For those in Brazil old enough to have lived through the last time the country was run by a bunch of violent tools in matching slacks, it’s a worrisome notion. The last time that nation was ruled by its military, 434 people "disappeared" or were killed by Brazil’s military government, not to mention the scores tortured and abused during the dictatorship’s 21-year reign.

A lot of analysts believe that the possibility of the military taking over the Brazilian government again is remote. However, given the jump to right-wing politics, authoritarian rule, kleptocracy and dictatorships that countries like Nicaragua, Poland, Turkey, the United States and the Philippines have been wallowing in of late, anything is possible – especially in light of the nation's rising violent crime rates, a 13% unemployment rate, and a growing underground economy. Read the rest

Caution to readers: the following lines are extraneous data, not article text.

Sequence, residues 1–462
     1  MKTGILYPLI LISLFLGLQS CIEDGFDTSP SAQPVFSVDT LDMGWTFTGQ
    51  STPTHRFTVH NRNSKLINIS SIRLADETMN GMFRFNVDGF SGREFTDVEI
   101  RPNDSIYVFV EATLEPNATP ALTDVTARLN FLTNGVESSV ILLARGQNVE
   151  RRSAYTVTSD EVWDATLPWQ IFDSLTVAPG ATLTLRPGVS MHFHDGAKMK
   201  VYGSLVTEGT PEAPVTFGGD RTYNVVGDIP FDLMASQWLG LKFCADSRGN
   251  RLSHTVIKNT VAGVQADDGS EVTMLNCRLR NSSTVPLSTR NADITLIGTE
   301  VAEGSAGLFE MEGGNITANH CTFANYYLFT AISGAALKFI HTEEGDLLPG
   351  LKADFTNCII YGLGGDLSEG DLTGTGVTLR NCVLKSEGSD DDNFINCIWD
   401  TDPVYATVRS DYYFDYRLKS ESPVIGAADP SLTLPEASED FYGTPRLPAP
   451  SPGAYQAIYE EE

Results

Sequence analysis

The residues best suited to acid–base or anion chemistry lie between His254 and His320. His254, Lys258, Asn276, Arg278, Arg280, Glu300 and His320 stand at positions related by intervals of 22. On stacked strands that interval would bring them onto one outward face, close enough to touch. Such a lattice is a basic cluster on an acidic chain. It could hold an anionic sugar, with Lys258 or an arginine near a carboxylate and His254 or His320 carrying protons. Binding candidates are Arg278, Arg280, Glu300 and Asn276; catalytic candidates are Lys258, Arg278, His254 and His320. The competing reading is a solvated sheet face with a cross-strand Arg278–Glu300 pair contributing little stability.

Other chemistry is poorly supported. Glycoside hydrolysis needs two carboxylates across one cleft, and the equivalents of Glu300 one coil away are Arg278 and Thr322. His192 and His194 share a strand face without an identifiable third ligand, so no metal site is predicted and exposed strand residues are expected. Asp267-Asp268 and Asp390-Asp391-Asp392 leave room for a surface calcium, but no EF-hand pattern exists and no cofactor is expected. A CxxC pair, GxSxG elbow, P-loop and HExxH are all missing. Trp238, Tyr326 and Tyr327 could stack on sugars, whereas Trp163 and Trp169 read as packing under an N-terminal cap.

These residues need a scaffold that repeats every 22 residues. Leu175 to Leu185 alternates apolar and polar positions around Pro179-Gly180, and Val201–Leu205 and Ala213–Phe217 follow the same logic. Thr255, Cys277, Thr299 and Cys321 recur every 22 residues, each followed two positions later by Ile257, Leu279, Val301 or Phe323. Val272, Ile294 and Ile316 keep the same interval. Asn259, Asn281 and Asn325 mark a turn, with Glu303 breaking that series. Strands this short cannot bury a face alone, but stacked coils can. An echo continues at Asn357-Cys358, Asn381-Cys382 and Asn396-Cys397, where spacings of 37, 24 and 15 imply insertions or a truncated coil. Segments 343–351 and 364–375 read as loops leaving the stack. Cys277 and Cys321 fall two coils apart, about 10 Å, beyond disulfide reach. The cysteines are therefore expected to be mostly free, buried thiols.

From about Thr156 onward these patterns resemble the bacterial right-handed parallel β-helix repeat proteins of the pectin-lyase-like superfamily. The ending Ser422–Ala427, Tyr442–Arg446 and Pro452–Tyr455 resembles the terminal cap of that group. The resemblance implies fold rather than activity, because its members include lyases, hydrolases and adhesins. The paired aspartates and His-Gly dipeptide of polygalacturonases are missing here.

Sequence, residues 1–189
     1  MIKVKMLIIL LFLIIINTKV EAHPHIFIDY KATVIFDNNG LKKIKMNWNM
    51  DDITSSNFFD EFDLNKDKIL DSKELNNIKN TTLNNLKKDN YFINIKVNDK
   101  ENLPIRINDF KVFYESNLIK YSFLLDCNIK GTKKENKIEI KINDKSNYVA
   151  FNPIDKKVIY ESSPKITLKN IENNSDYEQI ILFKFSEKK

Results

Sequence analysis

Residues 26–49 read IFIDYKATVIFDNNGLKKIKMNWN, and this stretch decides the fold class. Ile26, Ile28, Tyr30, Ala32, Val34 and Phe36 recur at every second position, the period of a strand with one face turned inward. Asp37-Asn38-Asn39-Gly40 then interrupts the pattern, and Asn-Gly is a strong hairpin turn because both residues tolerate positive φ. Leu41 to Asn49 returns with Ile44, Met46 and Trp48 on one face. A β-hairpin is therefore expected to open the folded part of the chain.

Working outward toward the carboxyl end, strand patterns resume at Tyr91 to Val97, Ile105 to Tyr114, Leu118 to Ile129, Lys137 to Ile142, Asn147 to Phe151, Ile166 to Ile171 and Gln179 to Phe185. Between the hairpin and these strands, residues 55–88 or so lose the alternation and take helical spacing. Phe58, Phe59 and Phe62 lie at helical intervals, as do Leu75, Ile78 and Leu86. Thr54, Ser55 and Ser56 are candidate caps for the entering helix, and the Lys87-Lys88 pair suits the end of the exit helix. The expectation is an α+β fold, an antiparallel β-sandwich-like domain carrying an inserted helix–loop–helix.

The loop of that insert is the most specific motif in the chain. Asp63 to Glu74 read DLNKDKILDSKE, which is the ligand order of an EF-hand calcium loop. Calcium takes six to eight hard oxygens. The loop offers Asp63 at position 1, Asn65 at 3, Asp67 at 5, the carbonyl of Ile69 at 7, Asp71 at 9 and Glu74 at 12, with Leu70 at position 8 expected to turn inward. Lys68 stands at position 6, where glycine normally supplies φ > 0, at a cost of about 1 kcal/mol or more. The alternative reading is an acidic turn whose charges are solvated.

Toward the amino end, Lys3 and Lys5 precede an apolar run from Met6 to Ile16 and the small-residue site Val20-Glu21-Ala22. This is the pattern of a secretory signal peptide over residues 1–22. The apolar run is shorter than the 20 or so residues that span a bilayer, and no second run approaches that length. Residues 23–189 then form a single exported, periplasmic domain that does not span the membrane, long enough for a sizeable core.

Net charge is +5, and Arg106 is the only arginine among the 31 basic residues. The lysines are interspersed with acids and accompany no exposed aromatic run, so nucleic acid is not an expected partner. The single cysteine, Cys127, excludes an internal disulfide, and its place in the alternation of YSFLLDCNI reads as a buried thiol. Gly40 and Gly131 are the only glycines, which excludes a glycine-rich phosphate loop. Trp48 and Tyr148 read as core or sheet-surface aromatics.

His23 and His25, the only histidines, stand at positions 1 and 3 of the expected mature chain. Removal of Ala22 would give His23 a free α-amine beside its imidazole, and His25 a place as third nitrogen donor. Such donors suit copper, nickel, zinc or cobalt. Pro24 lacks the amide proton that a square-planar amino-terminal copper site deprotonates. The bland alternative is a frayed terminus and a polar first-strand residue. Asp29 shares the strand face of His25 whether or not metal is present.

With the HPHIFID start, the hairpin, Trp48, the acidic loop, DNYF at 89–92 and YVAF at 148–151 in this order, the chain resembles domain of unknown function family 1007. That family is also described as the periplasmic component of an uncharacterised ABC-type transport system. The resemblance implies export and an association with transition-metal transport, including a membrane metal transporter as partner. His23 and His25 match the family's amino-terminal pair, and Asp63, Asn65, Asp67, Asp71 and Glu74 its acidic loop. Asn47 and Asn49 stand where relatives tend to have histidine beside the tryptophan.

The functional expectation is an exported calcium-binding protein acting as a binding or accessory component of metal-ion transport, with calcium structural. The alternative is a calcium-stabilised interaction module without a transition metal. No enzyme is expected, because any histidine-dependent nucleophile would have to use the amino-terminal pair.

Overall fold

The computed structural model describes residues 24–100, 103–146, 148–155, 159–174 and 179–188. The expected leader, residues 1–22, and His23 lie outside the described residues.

Burning hot Portuguese cover of Sade's "Sweetest Taboo"

In 1994, Brazilian singer Vânia Bastos released this scorching cover of Sade's "Sweetest Taboo" sung in Portuguese. Most recently, the track is included on the new compilation "Onda De Amor: Synthesized Brazilian Hits That Never Were (1984​-​94)" from Soundway records.

Read the rest

Teachers on four continents stage mass strikes

In the USA, there are tens of thousands of teachers in open rebellion, in Oklahoma, West Virginia, Arizona, Kentucky, and things are heating up in Pennsylvania, Illinois, Iowa and Colorado. Read the rest